Canadian mathematicians create Sims-like program to save bees
Pollinators are in trouble, but soon there may be an easier way to study them.
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Our honeybees are in trouble. For years, they’ve been plagued with Colony Collapse Disorder, a strange syndrome where masses of bees mysteriously die far from the hive, leaving honey – and defenceless baby bees – behind. Why? It’s a complicated combination of pesticides, parasites and other factors. For the future of our food supply and our economy, we must figure out how to protect pollinators. But studying them is time-consuming and expensive. Thanks to a creative pair of Canadian mathematicians, that may be about to change.
What is Bee++?
It’s a computer program created at the University of Western Ontario by mathematician Matt Betti and master’s student Josh LeClair. It simulates the lifecycle of honeybees, taking into account all sorts of factors the user can customize.
Think of it as The Sims, for bees. It’s free to download from http://www.beeplusplus.ca and written in the common and easy-to-learn programming language C++ (hence the name). The code is open-source. Anyone can tinker or make improvements.
How it works
Using a grid that represents the bees’ habitat, you plant the crops of your choice, place your hive, choose the variables you want, then start the simulation. As time ticks by, watch and see what happens to the bees and look at graphical outputs of data like deaths and pesticide concentration.
Choose your challenges
You can mess around with many factors that affect bees. Here are a few:
- Pathogens: You can program viruses and parasites to attack your bees. The dreaded varroa mite is Bee Enemy #1.
- Pesticides: A group of insecticides called neonicotinoids are especially bad for bees.
- Weather: Input real weather data from any government website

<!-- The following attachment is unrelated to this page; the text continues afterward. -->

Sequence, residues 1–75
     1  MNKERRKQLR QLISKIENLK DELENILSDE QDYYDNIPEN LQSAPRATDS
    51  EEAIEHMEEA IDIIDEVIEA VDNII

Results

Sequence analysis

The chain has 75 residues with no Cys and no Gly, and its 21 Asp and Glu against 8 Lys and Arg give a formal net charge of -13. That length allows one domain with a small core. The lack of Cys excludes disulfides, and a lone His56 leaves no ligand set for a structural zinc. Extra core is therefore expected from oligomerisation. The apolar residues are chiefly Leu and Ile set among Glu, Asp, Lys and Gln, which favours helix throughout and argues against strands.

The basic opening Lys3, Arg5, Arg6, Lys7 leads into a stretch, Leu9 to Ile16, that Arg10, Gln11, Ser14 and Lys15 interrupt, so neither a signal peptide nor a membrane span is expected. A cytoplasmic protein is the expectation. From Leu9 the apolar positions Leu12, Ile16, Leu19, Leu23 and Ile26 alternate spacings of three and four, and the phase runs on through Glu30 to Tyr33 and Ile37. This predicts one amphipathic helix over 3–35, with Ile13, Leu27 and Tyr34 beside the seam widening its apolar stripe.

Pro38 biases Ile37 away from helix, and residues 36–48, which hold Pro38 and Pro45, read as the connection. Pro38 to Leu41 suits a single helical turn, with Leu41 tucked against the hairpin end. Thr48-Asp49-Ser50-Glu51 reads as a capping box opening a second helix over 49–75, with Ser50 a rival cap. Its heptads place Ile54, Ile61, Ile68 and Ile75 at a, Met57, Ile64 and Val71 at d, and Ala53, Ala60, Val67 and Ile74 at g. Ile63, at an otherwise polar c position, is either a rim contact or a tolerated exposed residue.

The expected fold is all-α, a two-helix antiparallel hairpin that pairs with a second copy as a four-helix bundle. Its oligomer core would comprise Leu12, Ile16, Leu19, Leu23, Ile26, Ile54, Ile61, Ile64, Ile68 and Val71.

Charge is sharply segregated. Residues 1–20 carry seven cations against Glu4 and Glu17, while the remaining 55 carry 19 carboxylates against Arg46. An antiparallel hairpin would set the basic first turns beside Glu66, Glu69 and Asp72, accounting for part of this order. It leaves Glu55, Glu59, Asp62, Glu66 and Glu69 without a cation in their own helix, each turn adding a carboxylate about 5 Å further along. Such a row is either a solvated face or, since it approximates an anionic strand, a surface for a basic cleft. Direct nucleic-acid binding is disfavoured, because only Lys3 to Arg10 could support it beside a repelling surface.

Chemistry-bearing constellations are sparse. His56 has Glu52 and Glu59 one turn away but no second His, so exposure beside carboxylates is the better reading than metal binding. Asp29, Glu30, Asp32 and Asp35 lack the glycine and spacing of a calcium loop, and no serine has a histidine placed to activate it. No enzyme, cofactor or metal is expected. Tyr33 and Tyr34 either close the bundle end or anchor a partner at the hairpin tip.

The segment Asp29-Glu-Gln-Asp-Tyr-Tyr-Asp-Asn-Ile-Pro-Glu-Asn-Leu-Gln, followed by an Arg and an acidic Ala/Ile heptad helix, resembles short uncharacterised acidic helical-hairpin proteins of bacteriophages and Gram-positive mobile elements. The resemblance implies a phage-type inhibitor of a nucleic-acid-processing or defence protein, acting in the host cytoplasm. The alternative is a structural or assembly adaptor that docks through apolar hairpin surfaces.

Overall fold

- Food: Choose the types of plants in the environment and where to put them. The program doesn’t just measure how the bees get nutrition from plants, it also measures how plants respond to pollinators.
You can change the characteristics of your digital bees in many ways: What age do they fly from the hive? How much pesticide does it take to kill them? How much do they reproduce?
Just like in real life, different bees have different jobs (some are queens, others nurses or foragers), and their roles change throughout their lives.
The bees tend to buzz around sources of food, but a few will always be “scouts,” flying around every which-way looking for new sources of tasty bee treats.
As bees drink nectar contaminated with pesticides, toxins build up in their bodies, affecting their ability to navigate and find food. And they have a tiny “digital liver,” so the effect changes over time as the pesticide is digested.
After years of work, Bee++ was introduced to the research community this week in the journal Insects.
The program could be a boon to bee biologists. But Betti has even bigger hopes for it. "‘I’m naively ambitious,” he said. He wants Environment Canada and the provincial natural resources ministries to one day use Bee++ to help predict how their policies will affect bees.
Bee++ was designed using real research data. The next step is to test it against bee colonies in the real world and see how well it can predict how they’ll do.